Eye For Film >> Movies >> The Royal Tenenbaums (2001) Film Review
The Royal Tenenbaums
Reviewed by: Angus Wolfe Murray
There is a buzz about this movie. Like it's so hippety hop, you can hear the band playing before it comes round the corner. With a cast like this, what can you say? Gene, Go! Go! Go!
What you say is: "Such a waste!"
At first, the style is ironic. A narrative voice-over (Alec Baldwin) relates the story of the Tenenbaum children, how they were prodigies who could not live up to their genius. They stayed in a big house in New York. Dad (Gene Hackman), whose proper name is Royal, divorces Mom (Anjelica Huston) and books into an hotel for 22 years. The kids grow up.
Chas (Ben Stiller) was a property tycoon at 14. Now he has two children and no job. His wife died in a plane crash and he's obsessed with safety. Margot (Gwyneth Paltrow) was adopted, aged two, but still managed to write plays before reaching puberty. Now she is married to Raleigh St Clare (Bill Murray), a psycho-something-or-other, who writes books and is decades older. She smokes in secret and never smiles. Richie (Luke Wilson) was a sports buff, who becomes a tennis champ, only to blow it big time at Flushing Meadows, after which he gives up and hangs around the house, sleeping in a tent upstairs. He's in love with Margot. Eli Cash (Owen Wilson), the boy next door, has none of the Tenenbaums' talent and yet becomes a successful novelist. He has an affair with Margot.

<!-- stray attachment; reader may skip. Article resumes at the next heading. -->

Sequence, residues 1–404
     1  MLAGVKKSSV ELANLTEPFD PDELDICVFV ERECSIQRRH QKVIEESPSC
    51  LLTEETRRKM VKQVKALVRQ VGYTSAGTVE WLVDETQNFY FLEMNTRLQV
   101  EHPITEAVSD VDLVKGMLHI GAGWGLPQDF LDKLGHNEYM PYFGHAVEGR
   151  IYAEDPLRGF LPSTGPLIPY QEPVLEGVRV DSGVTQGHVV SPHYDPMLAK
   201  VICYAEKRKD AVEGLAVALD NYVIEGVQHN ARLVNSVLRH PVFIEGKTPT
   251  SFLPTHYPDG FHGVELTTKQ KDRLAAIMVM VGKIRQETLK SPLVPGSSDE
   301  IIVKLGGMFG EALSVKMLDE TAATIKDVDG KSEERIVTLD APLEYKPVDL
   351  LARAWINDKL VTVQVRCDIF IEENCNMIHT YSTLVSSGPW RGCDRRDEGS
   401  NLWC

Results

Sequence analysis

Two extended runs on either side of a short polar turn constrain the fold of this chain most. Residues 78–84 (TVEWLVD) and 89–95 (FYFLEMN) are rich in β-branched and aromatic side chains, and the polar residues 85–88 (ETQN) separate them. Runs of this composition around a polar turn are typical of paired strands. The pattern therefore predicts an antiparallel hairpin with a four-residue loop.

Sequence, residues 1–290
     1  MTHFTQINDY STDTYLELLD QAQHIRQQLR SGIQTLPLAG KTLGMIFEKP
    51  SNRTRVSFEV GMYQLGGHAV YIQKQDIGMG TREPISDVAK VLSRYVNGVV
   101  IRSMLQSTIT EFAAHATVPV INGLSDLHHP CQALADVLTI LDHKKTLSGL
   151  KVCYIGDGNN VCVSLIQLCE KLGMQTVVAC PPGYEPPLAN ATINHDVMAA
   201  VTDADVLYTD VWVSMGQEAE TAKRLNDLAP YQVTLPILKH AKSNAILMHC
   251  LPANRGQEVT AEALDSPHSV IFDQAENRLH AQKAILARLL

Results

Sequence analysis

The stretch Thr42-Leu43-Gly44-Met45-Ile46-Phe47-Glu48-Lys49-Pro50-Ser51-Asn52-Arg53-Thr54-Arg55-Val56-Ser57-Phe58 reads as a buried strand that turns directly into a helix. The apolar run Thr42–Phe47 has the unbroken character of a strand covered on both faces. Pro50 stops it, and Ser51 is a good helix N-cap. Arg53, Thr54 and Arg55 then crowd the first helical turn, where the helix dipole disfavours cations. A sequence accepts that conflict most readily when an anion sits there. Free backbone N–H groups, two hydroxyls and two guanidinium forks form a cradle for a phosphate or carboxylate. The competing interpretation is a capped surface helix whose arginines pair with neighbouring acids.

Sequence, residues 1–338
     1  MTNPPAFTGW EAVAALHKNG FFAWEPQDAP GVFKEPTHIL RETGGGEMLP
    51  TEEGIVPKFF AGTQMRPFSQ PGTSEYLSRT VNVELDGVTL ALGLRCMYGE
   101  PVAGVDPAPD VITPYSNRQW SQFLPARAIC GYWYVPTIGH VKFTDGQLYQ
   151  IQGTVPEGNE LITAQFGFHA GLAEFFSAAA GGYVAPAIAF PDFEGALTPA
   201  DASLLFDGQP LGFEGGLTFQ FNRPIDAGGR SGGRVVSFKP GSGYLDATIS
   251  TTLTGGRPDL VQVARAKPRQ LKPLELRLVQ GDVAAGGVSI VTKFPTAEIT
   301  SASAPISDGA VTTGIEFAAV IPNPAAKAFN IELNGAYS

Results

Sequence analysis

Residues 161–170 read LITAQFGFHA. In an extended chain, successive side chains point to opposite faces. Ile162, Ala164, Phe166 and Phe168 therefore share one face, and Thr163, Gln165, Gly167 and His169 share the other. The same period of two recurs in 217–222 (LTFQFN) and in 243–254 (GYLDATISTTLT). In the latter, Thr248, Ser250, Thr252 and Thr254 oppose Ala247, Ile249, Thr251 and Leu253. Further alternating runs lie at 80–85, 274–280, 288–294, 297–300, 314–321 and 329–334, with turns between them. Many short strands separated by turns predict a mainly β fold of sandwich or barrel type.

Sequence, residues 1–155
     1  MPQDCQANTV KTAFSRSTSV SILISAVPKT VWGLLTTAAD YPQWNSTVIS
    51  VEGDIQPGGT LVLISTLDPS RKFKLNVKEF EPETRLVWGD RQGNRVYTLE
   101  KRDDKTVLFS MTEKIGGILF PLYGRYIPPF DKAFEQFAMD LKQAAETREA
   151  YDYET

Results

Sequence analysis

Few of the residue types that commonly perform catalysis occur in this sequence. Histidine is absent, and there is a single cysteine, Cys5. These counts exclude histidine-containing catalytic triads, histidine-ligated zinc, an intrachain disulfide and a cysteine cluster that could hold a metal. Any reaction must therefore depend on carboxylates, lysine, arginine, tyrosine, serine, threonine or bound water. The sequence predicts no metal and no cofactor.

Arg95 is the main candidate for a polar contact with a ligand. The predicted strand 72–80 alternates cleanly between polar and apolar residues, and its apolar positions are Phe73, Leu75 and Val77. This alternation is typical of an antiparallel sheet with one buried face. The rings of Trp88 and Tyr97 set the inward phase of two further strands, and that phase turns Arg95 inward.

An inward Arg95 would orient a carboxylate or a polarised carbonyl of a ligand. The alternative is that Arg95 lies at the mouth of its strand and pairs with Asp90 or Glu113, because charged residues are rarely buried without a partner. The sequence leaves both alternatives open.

Mom hasn't slept with a man for 17 years. Her accountant (Danny Glover) wants to marry her. She's flattered and, frankly, amazed. Royal loses all his money, is flung out of the hotel, pretends he has cancer and returns to the house, where he behaves badly and teaches Chas's sons to break the law.
Having set the scene of an eccentric, brilliant and dysfunctional family, Owen Wilson and director Wes Anderson, who wrote the script, don't know what to do next. Stiller, Paltrow, Murray and Luke Wilson needn't have bothered. Their characters are stuck in ruts. Hackman is the lucky one. He can play the fool.
As a comedy, it wants to come from left field and do what Spike Jonze did with Being John Malkovich, but imagination leaks out of it and what remains is a gluttonous mess. There is a faint whiff of self-congratulation, as if the pleasure of being in this illustrious company will suffice.
It doesn't.Reviewed on: 14 Mar 2002